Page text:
On a voyage of discovery in Croatia


JACQUES COUSTEAU described the Adriatic as one of the cleanest seas on earth. It is flanked mostly on one side by scythe-shaped Republic of Croatia and Italy on the other. Part of former Yugoslavia, the country gained independence in 1995 after a bitter war during which the term ethnic cleansing became common in the English lexicon.

The Dalmatian coast, which stretches south to the Gulf of Kotor in Montenegro, is held by many to be the best and one of the least discovered cruising areas in Europe. With more than 1,800 islands, one could sail for decades and still discover new anchorages in this birthplace of Marco Polo. Navigationally, there are no tides of any significance, which makes for simple planning.

We were a crew of five whose ages stretched from seven to 72 – me, my parents, my husband and our daughter. Our mission – find a reasonably priced boat within an hour or so of Zadar airport and explore the Dalmatian islands. There is no recession when it comes to yacht charter in the Adriatic, so our only last- minute budget option was a 42ft very narrow beamed motor boat named Gangaro.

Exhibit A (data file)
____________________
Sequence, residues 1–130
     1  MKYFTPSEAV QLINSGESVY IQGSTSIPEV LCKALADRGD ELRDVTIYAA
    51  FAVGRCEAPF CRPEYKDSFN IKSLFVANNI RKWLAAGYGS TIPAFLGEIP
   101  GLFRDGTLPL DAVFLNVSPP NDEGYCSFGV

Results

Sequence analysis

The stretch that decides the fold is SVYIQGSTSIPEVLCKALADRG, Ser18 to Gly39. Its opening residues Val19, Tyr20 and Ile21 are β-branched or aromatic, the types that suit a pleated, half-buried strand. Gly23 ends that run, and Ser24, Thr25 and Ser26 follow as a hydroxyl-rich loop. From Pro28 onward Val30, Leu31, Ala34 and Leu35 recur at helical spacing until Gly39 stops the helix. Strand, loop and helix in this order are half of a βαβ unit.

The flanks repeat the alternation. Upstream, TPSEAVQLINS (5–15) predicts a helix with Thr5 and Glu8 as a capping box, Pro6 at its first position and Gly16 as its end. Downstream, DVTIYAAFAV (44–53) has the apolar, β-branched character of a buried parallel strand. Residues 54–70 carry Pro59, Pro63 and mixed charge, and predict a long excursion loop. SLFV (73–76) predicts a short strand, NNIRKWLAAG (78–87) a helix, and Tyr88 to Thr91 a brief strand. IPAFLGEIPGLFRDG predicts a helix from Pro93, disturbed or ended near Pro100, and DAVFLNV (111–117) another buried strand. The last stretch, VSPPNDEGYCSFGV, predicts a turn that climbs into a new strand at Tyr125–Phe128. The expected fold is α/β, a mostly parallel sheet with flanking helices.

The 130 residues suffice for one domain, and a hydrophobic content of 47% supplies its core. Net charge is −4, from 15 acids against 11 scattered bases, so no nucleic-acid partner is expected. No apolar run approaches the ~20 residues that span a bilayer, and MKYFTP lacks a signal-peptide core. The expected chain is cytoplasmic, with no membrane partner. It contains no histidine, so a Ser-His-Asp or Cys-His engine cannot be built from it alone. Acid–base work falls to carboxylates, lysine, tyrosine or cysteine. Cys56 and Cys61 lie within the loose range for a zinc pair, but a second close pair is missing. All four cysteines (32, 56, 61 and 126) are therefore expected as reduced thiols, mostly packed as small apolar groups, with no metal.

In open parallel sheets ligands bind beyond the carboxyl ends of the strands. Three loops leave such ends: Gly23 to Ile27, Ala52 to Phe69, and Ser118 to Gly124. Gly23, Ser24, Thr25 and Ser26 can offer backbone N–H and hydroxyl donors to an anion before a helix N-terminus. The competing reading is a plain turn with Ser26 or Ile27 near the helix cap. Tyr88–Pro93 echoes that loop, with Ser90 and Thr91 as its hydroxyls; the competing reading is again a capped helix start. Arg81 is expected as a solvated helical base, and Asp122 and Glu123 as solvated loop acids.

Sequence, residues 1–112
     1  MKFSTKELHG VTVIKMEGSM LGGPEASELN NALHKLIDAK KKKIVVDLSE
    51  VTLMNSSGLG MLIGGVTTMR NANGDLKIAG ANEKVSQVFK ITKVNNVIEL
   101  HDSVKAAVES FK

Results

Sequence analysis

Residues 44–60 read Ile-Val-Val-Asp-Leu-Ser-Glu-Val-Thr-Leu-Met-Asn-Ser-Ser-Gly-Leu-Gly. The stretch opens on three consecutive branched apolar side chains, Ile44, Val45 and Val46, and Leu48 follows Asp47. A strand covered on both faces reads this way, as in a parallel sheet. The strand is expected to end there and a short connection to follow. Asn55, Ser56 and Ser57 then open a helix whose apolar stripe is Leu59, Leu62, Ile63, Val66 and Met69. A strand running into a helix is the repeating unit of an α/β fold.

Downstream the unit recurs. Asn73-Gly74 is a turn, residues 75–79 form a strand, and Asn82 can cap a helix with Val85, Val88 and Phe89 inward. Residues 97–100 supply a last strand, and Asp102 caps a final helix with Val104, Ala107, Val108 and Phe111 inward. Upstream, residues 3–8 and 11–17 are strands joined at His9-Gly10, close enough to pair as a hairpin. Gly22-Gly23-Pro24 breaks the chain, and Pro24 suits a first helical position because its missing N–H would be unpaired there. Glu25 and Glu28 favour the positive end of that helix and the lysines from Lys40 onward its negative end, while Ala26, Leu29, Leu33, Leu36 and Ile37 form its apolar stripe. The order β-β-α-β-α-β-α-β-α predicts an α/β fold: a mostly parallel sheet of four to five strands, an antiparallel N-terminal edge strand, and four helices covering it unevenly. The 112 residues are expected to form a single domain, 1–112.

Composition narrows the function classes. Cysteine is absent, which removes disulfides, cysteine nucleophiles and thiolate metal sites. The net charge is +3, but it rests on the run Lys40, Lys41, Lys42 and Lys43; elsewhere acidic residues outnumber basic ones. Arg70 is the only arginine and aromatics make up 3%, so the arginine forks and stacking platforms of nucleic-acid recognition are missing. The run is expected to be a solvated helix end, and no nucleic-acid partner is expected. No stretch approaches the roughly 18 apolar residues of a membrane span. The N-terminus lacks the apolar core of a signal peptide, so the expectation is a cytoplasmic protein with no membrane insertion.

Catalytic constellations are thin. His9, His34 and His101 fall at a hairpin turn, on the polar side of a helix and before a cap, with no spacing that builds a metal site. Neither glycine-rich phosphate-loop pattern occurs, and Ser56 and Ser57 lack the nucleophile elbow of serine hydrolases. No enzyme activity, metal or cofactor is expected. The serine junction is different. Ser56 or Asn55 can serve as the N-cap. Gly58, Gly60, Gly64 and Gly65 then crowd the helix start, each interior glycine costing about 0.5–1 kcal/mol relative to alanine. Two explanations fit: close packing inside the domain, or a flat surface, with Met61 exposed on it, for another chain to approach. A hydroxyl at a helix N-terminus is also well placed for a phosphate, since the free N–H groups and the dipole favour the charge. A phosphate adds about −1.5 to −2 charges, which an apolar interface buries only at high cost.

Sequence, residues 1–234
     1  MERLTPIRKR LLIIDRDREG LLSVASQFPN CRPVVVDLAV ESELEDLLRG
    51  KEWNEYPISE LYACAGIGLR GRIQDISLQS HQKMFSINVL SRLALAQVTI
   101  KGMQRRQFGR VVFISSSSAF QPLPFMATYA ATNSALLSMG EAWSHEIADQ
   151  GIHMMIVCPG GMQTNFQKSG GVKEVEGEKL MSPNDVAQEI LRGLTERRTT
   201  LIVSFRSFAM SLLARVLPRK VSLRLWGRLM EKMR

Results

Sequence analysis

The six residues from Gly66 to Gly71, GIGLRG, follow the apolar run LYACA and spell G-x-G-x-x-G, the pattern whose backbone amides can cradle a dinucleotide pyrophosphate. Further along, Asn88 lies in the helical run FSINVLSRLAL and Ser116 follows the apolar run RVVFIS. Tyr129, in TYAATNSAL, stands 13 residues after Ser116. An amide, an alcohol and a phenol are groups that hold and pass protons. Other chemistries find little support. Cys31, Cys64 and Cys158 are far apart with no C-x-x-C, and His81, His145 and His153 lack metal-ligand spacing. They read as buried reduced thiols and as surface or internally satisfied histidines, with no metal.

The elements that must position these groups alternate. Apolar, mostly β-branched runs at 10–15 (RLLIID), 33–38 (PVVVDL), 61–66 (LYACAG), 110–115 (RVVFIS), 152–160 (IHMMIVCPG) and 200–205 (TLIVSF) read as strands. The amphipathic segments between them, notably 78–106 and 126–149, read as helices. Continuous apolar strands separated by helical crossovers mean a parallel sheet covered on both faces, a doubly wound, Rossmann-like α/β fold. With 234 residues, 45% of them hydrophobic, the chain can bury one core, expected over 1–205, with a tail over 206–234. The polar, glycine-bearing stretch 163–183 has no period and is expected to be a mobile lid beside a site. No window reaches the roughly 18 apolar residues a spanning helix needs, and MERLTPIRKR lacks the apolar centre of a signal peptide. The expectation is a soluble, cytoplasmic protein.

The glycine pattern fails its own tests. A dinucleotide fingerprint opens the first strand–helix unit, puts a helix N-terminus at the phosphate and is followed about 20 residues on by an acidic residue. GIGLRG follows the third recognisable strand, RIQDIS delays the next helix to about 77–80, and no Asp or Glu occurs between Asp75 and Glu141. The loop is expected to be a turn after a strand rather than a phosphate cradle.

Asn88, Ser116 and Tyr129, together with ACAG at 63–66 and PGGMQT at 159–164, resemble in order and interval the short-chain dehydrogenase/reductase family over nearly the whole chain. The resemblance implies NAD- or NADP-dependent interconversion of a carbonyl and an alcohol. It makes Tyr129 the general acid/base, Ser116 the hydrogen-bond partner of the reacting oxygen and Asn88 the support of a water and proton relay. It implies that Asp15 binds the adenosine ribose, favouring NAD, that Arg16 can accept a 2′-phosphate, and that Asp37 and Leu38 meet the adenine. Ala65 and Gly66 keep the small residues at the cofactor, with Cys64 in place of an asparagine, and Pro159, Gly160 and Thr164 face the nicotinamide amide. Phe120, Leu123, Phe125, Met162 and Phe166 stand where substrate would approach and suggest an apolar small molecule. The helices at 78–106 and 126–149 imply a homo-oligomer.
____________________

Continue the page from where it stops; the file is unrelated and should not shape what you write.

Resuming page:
The number of berths listed was 6+2, which was probably fine if the two extra persons were insomniac midgets. Two of the double berths resembled matchboxes and, in the hottest weather Croatia had witnessed in more than 40 years, we found the dead air at night stifling. Fearing my parents would die of suffocation one night at 4am, I spent an hour or so flapping their bedroom door to try to recycle the air while they slept soundly.

We chartered our boat from Murter, a delightful island with many coves, three large marinas and lots of stunning anchorages. The secret to this island is the small village of Betina, a small local harbour with a few lazy lines and a tiny boat building industry. A little road train connects the village with Murter town, which delighted both my parents and their granddaughter.

Our first port of call was Kornati National Park, an archipelago of 89 islands with 69 species of butterfly and abundant marine life. George Bernard Shaw commented that “On the last day of Creation, God decided to crown his work and thus created Kornati Islands out of tears, stars and breath”.

Ironically, at the end of the 19th century, Austrian surveyors came to record the archipelago and their local guides, deciding to poke fun at them gave many of the islands vulgar names. Little did they realise they would be forever recorded on nautical charts.

WE SAILEDaround for days, surrounded by spectacular backdrops taking the afternoons to snorkel in jade green waters examining sea cucumbers, sea urchins and various species of goby. Our favourite overnight stop was Smokvica Vela, with a seasonally inhabited village of two restaurants and six houses.